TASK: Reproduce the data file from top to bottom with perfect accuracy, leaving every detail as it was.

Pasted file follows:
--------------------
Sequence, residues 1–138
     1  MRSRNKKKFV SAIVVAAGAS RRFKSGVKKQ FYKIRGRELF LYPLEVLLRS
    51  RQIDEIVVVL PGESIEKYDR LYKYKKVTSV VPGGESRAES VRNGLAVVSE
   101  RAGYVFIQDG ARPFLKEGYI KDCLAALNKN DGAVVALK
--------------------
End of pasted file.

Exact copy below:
Sequence, residues 1–138
     1  MRSRNKKKFV SAIVVAAGAS RRFKSGVKKQ FYKIRGRELF LYPLEVLLRS
    51  RQIDEIVVVL PGESIEKYDR LYKYKKVTSV VPGGESRAES VRNGLAVVSE
   101  RAGYVFIQDG ARPFLKEGYI KDCLAALNKN DGAVVALK